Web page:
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Thanks for the LOL - You are officially Dubbel Wit-less !

I've done some of the same, spray myself with IC hose things when I first started - a right of passage. I do however let the grain cool down before tossing, figured that one out without incident. But recently I've produced some really bad beers with varying problems, like scorching or mold in the fermenter so I'm not a happy brewer in the second half of 2011.

Hopefully things will improve for all of us!

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Old 12-12-2011, 12:44 AM   #8
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Quote:
Originally Posted by November View Post
For similar reasons, I put valves on the hose end before going into the chiller.
Agreed. I have a little cutoff valve before the chiller so I can control flow speed and stop it all together if needed. Also get male and female hose fittings soldered to the ends of that chiller. Much easier to deal with that way.
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Old 12-12-2011, 12:52 AM   #9
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I brew in my kitchen and use a hose that attaches to a fitting on my sink. It makes it easy to clean carboys, pots, etc. Pretty standard.

At least one time, everytime i brew, i forget that the hose is attached and turn on the water, spraying myself in various places.

If its not that, then i forget im filling up a bucket or carboy and it spills all over the floor and subsequently my feet.

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Old 12-12-2011, 12:59 AM   #10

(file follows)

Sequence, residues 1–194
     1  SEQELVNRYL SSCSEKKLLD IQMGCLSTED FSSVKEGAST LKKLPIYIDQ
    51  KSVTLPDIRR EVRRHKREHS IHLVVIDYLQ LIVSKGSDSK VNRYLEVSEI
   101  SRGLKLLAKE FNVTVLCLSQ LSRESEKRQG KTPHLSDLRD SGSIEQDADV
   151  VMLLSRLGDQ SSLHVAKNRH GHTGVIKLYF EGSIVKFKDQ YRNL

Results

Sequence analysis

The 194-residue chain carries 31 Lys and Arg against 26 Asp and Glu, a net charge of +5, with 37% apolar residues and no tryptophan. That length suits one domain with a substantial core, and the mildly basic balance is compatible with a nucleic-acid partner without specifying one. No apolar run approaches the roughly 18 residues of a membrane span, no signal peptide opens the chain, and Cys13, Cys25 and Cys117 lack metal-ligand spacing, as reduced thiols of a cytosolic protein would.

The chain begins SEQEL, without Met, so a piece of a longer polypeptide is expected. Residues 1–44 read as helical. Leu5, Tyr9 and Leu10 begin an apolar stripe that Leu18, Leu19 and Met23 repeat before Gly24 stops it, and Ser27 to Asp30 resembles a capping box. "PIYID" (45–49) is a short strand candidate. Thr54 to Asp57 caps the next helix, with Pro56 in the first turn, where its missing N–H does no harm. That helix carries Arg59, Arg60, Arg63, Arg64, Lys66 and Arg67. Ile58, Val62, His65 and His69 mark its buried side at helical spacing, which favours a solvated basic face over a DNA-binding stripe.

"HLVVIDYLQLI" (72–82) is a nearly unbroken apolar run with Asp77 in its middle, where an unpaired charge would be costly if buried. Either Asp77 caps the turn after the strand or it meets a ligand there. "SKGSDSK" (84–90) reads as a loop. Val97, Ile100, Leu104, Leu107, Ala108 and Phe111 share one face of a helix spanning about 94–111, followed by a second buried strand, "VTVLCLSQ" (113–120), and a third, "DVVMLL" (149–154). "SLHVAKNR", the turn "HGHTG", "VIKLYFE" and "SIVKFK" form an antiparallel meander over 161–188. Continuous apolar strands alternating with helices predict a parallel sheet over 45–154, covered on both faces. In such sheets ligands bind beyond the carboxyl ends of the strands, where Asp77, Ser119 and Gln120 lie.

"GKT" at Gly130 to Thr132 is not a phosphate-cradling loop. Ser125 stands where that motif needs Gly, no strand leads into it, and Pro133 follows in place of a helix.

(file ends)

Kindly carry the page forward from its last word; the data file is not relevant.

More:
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I only get wet when cleaning everything at the end of brew day. After buying my wort chiller and only two weeks later realizing I need to brew outside on a propane burner (full 5 gallons won't boil in a 10 gallon Blichmann on my stove) I saw the immediate need to get longer tubing for the drain portion. My garden faucet is close but there's no drain except in the basement so I needed a 20' hose run. I ordered some vinyl tubing and it was thin and cheap, not like the thick vinyl the IC came with. So I ordered the high temp silicone tubing - works awesome.

Before putting the IC in the kettle I always run water though it first to make sure there are no leaks, been perfect the whole time now no leaks or any problems.

Guess I'm lucky, or have the whole brew day plan more regimented. My worst brew day disaster, and really my only one, was falling asleep while filling the sink with chill water, before I started using an IC and brewing outside. The sink overflowed and the wife luckily caught me quickly - there was a power strip behind the microwave!! Earlier that night I also boiled over for the first time. Since then none of that has happened and I make sure it doesn't.